America’s First Protected Bikeway Turns 50 in Davis

In 1967, the City of Davis installed America's first protected bikeway.

davis_bikeway

In 1967, the City of Davis installed America’s first protected bikeway.

The parking-protected bikeway was not only the first of its kind, but was actually illegal until the citizen’s campaign convinced the California legislature to change state law to allow it. A version of the bikeway ban existed for decades after the first lane was put in; it was only recently that the state freed cities to install their own protected lanes.

50 years later, much progress has been made, but much more is needed. Long Beach-based activist and consultant Charlie Gandy noted earlier today that People for Bikes completed their Green Lane Project. That brought almost 400 protected bike lanes throughout the country and lifted many of the legal hurdles. People for Bikes has a great summary of the Green Lane Project and its successes, that can be read here.

Locally, Davis has continued to be a success story for building a truly bike-friendly city. From a petition started by two professors wanting a protected bikeway after seeing them in Europe in 1967 until today, Davis has been a leader in creating a bike-friendly city.

The city is only 10.5 square miles with just over 66,000 residents, yet it has built nearly 100 miles of bike lanes, paths and loops. It was the first city to receive a “platinum designation” from the League of American Bicyclists in 2005. It became home to the fist “platinum university” in 2013. It was the first city to install a protected intersection just two years ago.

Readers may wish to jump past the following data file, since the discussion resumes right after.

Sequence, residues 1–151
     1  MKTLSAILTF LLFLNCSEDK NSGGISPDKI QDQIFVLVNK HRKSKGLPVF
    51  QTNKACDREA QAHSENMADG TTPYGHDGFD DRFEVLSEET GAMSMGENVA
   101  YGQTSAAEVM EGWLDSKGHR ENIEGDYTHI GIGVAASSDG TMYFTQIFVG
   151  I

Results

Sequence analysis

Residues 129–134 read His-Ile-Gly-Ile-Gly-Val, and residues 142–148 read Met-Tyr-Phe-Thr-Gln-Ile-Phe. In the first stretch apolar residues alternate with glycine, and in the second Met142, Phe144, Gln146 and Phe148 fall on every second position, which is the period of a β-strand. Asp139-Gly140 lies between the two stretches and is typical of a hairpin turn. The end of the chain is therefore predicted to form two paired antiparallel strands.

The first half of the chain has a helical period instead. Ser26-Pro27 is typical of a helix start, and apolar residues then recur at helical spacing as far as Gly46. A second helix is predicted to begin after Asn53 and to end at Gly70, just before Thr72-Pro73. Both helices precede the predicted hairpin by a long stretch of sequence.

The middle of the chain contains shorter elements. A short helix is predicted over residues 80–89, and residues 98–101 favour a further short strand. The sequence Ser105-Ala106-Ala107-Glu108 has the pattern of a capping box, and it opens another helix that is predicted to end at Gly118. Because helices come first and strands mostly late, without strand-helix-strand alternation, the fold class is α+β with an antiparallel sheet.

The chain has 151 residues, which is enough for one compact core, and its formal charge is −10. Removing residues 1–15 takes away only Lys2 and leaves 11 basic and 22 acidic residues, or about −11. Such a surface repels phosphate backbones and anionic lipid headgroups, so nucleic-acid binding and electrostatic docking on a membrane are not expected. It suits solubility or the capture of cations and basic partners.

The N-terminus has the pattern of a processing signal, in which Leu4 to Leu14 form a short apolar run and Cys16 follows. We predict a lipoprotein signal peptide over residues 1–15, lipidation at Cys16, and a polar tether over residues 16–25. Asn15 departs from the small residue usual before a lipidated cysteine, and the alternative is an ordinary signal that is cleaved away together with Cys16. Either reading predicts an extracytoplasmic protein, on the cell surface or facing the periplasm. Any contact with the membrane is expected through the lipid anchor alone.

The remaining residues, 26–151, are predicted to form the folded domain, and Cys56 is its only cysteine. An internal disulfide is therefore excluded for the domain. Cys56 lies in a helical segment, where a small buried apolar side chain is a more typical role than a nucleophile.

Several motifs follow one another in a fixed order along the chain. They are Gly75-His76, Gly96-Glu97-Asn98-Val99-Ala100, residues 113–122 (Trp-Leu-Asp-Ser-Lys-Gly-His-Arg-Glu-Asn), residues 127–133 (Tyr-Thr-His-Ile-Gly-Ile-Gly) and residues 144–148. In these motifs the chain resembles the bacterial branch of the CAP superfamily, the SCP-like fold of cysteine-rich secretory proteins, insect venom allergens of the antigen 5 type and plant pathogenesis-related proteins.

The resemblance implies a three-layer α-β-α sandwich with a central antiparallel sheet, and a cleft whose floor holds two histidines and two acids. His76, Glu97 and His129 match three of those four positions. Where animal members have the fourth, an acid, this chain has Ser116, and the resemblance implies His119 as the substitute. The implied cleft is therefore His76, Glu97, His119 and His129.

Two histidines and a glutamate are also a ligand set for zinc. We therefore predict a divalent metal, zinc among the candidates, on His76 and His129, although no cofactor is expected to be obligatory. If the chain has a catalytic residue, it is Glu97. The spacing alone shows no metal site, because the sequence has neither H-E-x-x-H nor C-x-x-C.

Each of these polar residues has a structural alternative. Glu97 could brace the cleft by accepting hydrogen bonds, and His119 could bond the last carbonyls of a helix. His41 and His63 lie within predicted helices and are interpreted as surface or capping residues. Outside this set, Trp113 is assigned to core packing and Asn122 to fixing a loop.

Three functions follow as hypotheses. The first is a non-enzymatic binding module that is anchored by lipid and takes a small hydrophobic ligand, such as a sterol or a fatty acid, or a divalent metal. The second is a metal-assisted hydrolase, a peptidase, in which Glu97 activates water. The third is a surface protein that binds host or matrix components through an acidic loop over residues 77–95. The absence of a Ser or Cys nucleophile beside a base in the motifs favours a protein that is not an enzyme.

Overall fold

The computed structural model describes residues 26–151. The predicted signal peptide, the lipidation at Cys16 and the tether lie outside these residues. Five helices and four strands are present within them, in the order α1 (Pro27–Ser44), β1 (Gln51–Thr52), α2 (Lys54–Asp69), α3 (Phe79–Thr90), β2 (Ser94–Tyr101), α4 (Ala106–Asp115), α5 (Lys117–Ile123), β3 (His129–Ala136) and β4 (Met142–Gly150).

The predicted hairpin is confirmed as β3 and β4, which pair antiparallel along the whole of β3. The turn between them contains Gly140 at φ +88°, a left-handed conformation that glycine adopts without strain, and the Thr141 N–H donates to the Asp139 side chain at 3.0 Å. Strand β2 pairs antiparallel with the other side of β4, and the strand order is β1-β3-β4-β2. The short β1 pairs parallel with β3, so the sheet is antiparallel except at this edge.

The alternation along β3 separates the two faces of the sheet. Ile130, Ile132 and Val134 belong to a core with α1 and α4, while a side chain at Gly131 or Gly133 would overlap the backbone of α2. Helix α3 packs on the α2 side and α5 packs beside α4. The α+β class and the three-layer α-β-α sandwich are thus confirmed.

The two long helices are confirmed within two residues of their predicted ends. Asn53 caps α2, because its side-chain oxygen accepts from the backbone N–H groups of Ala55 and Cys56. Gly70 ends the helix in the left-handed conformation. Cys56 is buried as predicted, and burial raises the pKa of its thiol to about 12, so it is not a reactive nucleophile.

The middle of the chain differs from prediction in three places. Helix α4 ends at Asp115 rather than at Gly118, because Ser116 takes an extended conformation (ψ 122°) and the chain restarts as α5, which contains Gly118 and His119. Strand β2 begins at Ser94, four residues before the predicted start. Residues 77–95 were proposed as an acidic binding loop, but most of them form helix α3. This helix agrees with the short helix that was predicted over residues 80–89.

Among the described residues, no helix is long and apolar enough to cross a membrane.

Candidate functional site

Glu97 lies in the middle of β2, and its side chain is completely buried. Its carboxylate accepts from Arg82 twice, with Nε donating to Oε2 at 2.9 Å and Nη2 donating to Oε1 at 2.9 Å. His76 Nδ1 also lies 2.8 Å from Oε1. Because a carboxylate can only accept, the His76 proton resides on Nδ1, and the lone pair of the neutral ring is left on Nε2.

So today, we say “helmets off” to Davis, for getting the ball rolling. We’ll have more on the 50th anniversary as the year goes forward, but for today we’re encouraging all readers to submit their favorite pictures of bicycling in Davis. All media may be used in a future Streetsblog California post about the bikeway anniversary. Post in the comments section, or tag @streetsblogcal on twitter or @streetsblogca on Facebook.

  • Gary Nelson

    Uh, there were separate bikeways in the 19th century. Protection is in common law on highways, allowing anyone to use the roads, subject to not blocking traffic. In any case “protection” is relative to how many cars there are squeezing you off your part of the road. If you really mean a stripe limiting the travel way, that is also pretty old.

  • xplosneer

    Can’t give any pictures now, but recently they banned all delivery/utility car movement in certain areas on campus during class changes on the hour.

    Another thing: Super cheap separated grade crossings, like this one under some train tracks:
    https://www.google.com/maps/@38.5582199,-121.7424562,57m/data=!3m1!1e3

    They’re everywhere.

    Davis’ on-street bike facilities are nothing remarkable; there aren’t a lot of protected on-street lanes. There are a few good cycletracks near elementary schools, but what has really saved them is their planning department over the years, not the transportation department. They planned all these back-path networks when approving development expansion. Look at all the dark green lines.

    https://uploads.disquscdn.com/images/29fa32d3dded14b46c64c65daf20b660188d629ccfcaeb3c22ee599093fd52d5.png

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